People are being warned against cheek-kissing and handshakes for fear of spreading the coronavirus. But at such a time, are love and dating also on hold? Some in Paris, seen by its fans as the capital of romance, seem happy to flout the advice against physical contact and put their quest for love first.
On Camille's second date with Olivier, who she met via dating app Tinder, he offered her a sip from his drink at a Paris movie theatre. There was only one straw. “I hesitated for several seconds, and then I said 'yes' because I was afraid I would spoil the moment,” the French architect recalled. In the end, they kissed.
The World Health Organization (WHO), which has warned of a real threat of the coronavirus outbreak becoming a pandemic—meaning it has truly spread worldwide—has no specific advice for people pursuing amorous agendas. “WHO's advice on prevention applies to all social situations,” the UN's health arm said in a statement sent to AFP in response to a query. Advice includes regular hand-washing, avoiding travelling if you have a fever or cough, and coughing and sneezing into your sleeve or a discardable tissue.
Continue to have fun
The virus is known to travel in human saliva, which should make kissing on the lips off limits. France has already advised against the less intimate but common greeting ‘la bise’, which involves touching cheeks while making kissing noises in the air. There is no published data suggesting the virus can spread via sex.
Tinder, the app that famously allows users to swipe through a myriad of candidates for a date or a hookup, has issued a warning to users that “While we want you to continue to have fun, protecting yourself from the Coronavirus is more important.”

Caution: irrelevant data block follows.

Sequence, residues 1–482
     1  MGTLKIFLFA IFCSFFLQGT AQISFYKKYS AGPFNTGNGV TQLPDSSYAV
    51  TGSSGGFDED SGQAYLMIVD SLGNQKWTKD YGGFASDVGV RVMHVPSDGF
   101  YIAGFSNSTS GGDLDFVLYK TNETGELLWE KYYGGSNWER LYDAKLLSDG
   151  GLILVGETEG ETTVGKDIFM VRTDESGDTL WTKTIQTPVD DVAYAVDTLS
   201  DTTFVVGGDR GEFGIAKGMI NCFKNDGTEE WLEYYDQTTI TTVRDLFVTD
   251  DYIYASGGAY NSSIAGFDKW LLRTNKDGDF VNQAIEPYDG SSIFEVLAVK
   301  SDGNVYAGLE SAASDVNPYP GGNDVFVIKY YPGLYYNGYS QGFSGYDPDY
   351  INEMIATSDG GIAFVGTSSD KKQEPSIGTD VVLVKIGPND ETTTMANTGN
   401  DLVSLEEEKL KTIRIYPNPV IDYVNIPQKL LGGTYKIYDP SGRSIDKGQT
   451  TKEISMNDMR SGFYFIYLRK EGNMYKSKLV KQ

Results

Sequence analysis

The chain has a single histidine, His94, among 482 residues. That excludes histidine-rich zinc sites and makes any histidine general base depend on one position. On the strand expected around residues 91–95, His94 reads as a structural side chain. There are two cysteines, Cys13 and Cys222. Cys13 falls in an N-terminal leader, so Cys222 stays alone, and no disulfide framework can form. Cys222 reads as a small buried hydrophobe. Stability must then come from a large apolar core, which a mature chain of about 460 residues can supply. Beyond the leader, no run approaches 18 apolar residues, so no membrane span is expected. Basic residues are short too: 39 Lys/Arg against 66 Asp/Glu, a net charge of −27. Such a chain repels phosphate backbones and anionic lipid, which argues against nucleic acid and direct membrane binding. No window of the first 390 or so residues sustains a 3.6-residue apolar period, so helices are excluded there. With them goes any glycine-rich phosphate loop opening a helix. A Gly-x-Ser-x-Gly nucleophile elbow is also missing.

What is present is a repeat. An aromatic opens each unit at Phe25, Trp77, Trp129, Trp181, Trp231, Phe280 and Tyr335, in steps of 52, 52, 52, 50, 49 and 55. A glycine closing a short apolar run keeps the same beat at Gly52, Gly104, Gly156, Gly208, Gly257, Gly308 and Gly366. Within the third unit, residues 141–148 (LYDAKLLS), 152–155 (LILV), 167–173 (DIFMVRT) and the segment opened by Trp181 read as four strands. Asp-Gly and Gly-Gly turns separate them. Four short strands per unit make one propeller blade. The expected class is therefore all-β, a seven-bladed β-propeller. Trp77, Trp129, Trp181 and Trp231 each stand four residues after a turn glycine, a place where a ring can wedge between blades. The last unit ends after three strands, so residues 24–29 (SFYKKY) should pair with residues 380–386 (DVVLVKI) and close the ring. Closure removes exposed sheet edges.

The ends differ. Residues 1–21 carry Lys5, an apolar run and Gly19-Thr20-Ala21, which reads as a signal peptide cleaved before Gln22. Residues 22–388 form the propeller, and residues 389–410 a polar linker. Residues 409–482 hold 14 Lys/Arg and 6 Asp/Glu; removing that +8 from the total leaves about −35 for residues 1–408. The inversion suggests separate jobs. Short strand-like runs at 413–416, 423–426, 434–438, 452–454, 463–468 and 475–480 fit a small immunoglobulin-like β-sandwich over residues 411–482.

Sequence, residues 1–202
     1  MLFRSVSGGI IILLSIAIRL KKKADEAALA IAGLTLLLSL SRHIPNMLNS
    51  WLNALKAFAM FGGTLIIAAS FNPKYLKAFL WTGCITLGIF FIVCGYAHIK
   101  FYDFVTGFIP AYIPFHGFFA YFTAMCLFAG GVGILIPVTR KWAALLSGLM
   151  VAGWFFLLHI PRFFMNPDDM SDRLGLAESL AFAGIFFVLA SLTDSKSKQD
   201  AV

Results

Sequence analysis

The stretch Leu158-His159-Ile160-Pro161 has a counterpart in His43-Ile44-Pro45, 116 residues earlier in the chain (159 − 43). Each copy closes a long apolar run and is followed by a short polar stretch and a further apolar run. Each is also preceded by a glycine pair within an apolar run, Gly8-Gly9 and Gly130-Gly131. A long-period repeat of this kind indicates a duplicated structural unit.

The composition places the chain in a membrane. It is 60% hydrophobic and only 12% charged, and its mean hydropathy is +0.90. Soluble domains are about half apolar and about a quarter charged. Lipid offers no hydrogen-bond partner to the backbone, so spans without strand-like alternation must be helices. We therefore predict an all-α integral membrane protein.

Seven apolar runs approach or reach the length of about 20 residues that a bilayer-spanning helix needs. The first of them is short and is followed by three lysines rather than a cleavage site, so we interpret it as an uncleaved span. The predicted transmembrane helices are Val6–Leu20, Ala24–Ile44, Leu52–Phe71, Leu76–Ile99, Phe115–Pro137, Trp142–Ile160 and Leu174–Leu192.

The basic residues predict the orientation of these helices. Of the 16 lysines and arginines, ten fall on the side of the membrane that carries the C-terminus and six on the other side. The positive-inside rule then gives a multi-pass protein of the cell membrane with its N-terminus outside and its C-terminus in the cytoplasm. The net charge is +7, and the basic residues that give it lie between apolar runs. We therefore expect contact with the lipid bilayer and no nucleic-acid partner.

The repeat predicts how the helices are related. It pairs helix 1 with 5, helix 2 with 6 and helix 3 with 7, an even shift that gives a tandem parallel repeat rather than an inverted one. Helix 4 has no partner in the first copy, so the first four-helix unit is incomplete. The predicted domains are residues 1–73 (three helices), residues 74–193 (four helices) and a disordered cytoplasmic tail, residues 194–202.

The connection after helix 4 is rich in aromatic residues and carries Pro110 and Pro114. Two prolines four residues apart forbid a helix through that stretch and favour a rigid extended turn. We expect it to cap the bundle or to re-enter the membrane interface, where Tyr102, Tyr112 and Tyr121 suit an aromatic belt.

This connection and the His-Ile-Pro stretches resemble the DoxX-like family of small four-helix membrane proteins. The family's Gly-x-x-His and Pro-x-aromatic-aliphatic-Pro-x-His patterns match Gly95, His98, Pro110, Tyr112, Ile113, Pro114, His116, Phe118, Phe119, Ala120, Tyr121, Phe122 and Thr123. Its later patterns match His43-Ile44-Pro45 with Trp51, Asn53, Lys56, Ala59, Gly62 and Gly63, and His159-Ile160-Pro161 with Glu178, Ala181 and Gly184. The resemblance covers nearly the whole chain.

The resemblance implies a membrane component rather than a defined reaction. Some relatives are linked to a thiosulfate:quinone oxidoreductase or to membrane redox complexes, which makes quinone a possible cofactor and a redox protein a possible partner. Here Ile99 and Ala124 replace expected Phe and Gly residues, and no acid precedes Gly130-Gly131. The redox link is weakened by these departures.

The message, which pops up between two potential ‘matches’, is accompanied by a list of basic coronavirus precautions which include keeping a ‘social distance’ in public gatherings, seemingly at odds with the app's very reason for existence: getting people together.
Health authorities say the virus appears to spread between people who are within about 1.8 metres (six feet) from one another. “Tinder is aware that its members are sometimes driven to meet in person,” the company, which has some 50 million clients, told AFP. It said it wished to highlight safety precautions “given the current environment.”
Celia, a 39-year-old Parisian who did not give her full name, said the outbreak did nothing to dampen her excitement about meeting up with the man she had been flirting with online. “There is an element of 'the end of the world' to this virus, it... makes me want to live a little more intensely, and not necessarily in a wholesome way,” she told AFP. The date was ultimately cancelled because her counterpart had a fever.
For some, the outbreak seems to have only fuelled their search for love. “I have the impression that it has served as a boost, that everyone is connecting, loosening up,” said a dating app user who gave her name as Leila and said she had observed a sudden increase in ‘matches’ and meet-ups.
Research has shown that periods of high anxiety may drive people to engage in more, and riskier, sexual behaviour. The WHO said it was “normal and understandable to feel anxious” in these days, “especially if you live in a country or community that has been affected” by the coronavirus.
In the bars and nightclubs of Paris, many seem to be opting for the strategy of avoidance. A man sitting at a bar counter with three friends jokes that the virus “is a good topic of conversation, it makes it easy to talk to girls.” At another popular spot, 30-year-old Jeanne asserts that after a few drinks “one quickly forgets about the risks of infection.”
And at Mask, a Paris swingers club where guests often wear elaborate disguises as coronavirus precautions, the management has noted a 30-percent drop in clientele, but insists it will not close, for now. At the entrance, guests can collect a mask, of the surgical kind.